Instead of ending the day in slaughter, Pomare assembled his army to thank God for their great deliverance. How much had depended upon the battle fought this day! Had Pomare been conquered, all the Christians would have been cruelly killed or made slaves, and the idol gods would have been honoured as in former days. But now God was praised by his servants, and even by many who had never before worshipped him, and who joined in the praises of that evening.

Instead of killing his enemies, Pomare determined to destroy their idols. He sent a band of men to the temple of Oro to overthrow it. Before they set out, he said to them, “Go not to the little island, where the women and chil


dren of the enemy have been sent for safety; turn not aside to burn houses, nor to destroy groves, but go straight along the highway." The men obeyed. When they arrived at Oro's temple in Tiairabu, (the smaller part of the island,) they were afraid lest the people should be enraged at an attempt to insult their god, and should attack them; however, they were not prevented by these fears from acting in a very courageous manner. They began by firing into the small house where the idols were kept, saying, "Now ye gods, if ye be gods, and have any power, come forth, and avenge the insults which we offer you." The multitude stood round, astonished both at the boldness of the men, and at the helplessness of the idols. The house was soon afterwards pulled down, and the gods shot through and through, and cast into the fire. Oro himself was not destroyed; only his covering and ornaments were thrown into the flames. He was merely a piece of wood rather longer than a man, and about the thickness of a man's leg. This senseless god was carried to Pomare, and laid at his feet.


And what use do you think the king made of Oro? He set it up as a post in his kitchen, fixing pegs upon it, on which baskets for food were hung, and after a time he used it as fuel.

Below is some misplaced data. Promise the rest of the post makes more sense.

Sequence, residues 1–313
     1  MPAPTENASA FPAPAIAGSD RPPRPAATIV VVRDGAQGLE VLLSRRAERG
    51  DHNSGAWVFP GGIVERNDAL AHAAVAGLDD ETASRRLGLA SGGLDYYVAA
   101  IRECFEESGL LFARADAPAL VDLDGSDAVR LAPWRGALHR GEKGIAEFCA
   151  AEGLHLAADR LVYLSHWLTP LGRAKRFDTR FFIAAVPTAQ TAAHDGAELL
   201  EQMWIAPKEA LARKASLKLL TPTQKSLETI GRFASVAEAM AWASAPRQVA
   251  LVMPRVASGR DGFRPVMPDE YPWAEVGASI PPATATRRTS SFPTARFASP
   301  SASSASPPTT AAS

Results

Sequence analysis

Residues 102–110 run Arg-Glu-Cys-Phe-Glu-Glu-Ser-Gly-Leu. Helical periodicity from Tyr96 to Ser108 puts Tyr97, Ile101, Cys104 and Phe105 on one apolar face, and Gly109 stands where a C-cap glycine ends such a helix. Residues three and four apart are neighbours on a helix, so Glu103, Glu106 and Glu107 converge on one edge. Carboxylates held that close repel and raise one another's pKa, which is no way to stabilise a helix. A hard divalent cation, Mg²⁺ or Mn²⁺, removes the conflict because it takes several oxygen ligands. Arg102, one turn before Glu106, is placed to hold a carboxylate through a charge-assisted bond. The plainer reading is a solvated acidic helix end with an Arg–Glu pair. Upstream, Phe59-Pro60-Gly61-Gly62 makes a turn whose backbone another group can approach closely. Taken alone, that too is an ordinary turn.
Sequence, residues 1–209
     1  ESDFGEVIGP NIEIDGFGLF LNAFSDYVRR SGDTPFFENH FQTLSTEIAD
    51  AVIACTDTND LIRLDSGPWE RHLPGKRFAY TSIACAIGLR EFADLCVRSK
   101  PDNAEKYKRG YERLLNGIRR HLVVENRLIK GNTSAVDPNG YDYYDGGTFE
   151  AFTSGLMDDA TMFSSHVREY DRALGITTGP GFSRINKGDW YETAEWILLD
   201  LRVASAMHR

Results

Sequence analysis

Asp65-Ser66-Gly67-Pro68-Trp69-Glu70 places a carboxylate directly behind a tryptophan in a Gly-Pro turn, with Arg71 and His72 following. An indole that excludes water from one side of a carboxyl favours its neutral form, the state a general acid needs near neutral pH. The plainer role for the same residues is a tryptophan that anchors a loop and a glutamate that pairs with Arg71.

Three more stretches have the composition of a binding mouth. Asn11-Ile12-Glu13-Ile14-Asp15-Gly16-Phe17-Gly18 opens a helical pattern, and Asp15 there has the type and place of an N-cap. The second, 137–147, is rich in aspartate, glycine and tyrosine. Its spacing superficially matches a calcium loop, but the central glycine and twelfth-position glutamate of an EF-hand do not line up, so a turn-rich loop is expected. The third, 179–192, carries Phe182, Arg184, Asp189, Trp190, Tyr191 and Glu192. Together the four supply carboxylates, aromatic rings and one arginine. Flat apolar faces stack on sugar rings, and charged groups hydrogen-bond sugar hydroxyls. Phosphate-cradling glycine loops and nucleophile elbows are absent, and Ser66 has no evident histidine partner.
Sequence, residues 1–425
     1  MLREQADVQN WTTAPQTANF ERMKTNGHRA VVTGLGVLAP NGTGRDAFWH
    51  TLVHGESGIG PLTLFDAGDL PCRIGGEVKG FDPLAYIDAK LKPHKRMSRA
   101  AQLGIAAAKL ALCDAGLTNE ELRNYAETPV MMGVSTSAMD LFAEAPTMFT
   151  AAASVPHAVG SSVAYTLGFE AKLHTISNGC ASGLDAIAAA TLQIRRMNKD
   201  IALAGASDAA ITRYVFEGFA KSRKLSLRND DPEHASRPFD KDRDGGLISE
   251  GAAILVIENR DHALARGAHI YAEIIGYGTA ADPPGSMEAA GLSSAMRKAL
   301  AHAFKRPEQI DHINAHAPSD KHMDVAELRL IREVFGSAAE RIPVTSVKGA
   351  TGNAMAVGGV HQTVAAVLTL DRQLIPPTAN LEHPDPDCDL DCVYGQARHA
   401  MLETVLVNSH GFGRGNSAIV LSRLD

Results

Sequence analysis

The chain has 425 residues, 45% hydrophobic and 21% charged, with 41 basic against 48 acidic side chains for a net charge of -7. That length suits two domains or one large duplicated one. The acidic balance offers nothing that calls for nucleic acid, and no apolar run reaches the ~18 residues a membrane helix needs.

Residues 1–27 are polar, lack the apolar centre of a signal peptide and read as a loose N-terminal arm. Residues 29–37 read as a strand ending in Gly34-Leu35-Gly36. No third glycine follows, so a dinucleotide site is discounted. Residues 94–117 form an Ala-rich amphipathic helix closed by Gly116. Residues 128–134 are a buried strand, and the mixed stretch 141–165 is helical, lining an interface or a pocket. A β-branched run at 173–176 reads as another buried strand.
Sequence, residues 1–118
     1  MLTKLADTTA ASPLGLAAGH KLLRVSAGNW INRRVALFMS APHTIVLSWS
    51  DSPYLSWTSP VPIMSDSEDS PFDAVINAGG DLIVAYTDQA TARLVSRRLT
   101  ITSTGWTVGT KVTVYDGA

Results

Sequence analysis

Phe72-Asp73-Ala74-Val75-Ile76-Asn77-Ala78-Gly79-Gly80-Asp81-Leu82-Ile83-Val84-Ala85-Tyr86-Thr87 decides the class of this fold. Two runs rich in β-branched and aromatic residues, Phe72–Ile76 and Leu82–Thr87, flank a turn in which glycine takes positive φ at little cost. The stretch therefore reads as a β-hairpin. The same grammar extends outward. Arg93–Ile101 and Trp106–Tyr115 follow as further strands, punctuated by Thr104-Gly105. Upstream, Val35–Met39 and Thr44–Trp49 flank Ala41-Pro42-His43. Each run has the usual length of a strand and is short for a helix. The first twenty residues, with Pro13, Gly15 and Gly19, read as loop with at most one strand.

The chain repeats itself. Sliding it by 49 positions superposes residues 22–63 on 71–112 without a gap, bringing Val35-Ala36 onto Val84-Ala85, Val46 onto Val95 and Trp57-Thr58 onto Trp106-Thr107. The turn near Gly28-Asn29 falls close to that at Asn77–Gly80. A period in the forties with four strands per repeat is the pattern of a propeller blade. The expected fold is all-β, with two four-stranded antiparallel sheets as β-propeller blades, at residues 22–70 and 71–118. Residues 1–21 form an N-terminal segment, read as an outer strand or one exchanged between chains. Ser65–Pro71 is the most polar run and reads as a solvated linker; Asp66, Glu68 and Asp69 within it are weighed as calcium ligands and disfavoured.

This was the end of Oro, about whom the Tahitians had fought so fiercely for many years. Thus may all God's enemies perish!

The people, who had fled to the mountains, sent persons secretly in the night, to see whether their wives and children had been hurt. They were astonished to hear that they were safe, and that the king and his friends promised to pardon all their enemies. At first they could not believe the news. After a few days they ventured to leave the mountains; and when they found that neither their houses nor families had been injured, they readily went to entreat the king's pardon, and to promise obedience for the future. They now saw how good the God was that Pomare worshipped, a God who taught him to be merciful to his enemies. "We had done everything to offend the king," said they, "and yet, when he was able to destroy us, he freely forgave us." They had often heard before that God so loved his enemies, as to give his Son to die for them, but now they believed it.

As soon as possible after the battle, Pomare sent to inform the missionaries in Eimeo of his success. A man (once a chief priest, and an areoi) was the bearer of the message. The missionaries and their scholars saw the canoe approaching, and hastened to the beach; but before they could ask a single question, the messenger exclaimed," Conquered! conquered! by